Every extra pound of weight you carry feels like 4 or 5 pounds to your knees, says Dr. Nicholas DiNubile, clinical assistant professor of the department of orthopaedic surgery at the Hospital of the University of Pennsylvania. If you lose just 10 pounds, you can relieve your knees of up to 50 pounds of stress. Exercise helps you lose this weight by boosting your daily caloric burn, but certain machines can aggravate your knee pain too much to fit in the 250 minutes of moderate-intensity exercise per week recommended by the American College of Sports Medicine. Seek out low-impact alternatives that boost your heart rate and make you feel breathy, signs that you are working at a moderate- to vigorous-intensity.
The elliptical trainer combines the movements of running, stair climbing and cross-country skiing without any impact, making it less stressful on the knee joint. Your feet stay fixed in pedals that glide along rails to work your lower body. Many models also offer arm poles that you pump as you pedal to further increase your caloric burn. A study published in the "Journal of Sports Medicine and Physical Fitness" in June 2004 compared the effectiveness of training on a treadmill, stair climber and elliptical trainer and found that when participants worked at the same intensity, the physical effects of each machine were nearly identical. Proper use of the elliptical shouldn't hurt your knee, notes Dr. Edward R. Laskowski on MayoClinic.com. If you do feel pain, you should consult a health care provider to ensure you don't have an underlying knee problem such as degenerative arthritis.
Running or jogging on the treadmill can hurt your knee, but walking on the moving belt can be a pain-free experience. Laskowski explains that walking on the treadmill exerts about as much force as using the elliptical. If you move at a brisk pace, around 4.5 mph, you can burn 186 calories per half-hour if you weigh 155 pounds. However, DiNubile notes that walking may not be an option for people with advanced osteoarthritis.
A stationary bicycle is recommended by both doctors, especially when other machines cause pain. The bike works your quadricep muscles on the front of your thighs, which provide support for the knee joint. A moderate session on the bike burns 260 calories in 30 minutes for a 155-pound person. Therapists often recommend stationary cycling as a way to rehab from knee injury or surgery.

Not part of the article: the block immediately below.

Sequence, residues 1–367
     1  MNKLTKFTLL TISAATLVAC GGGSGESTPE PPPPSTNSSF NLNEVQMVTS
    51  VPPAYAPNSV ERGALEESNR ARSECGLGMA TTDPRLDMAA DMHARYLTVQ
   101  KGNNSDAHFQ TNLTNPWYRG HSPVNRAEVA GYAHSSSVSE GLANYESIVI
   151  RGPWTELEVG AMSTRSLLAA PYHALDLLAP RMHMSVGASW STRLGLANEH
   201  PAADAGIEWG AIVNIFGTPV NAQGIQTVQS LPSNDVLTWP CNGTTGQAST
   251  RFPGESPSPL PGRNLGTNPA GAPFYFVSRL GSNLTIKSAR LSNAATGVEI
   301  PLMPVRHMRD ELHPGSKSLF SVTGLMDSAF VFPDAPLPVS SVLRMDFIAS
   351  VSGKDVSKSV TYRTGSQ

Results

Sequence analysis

The rowing machine, when used with proper form, provides an excellent cardio workout for people with knee pain, according to Madeline Berky, four-time NCAA rowing champion and a personal trainer. To use the rower, sit on a sliding seat with your feet pressed against a solid platform and pull a rowing handle to your ribs. To minimize stress on the knees, keep your knees in line with your ankles and behind your toes. Moderate-intensity stationary rowing is equal to stationary cycling in terms of calorie burn -- 260 per 30 minutes for a 155-pound person.
- SynVisc One: Knee Pain Questions & Answers
- Journal of Sports Medicine and Physical Fitness: Physiological Changes Following a 12 Week Gym Based Stair-Climbing, Elliptical Trainer and Treadmill Running Program in Females
- American College of Sports Medicine: ACSM Position Stand on Physical Activity and Weight Loss Now Available
- Harvard Health Publications: Calories Burned in 30 Minutes for People of Three Different Weights
- MayoClinic.com: Elliptical Machines: Better Than Treadmills?
- Lancaster Online: Exercising Safety With Bad Knees
- Photo Credit IT Stock/Polka Dot/Getty Images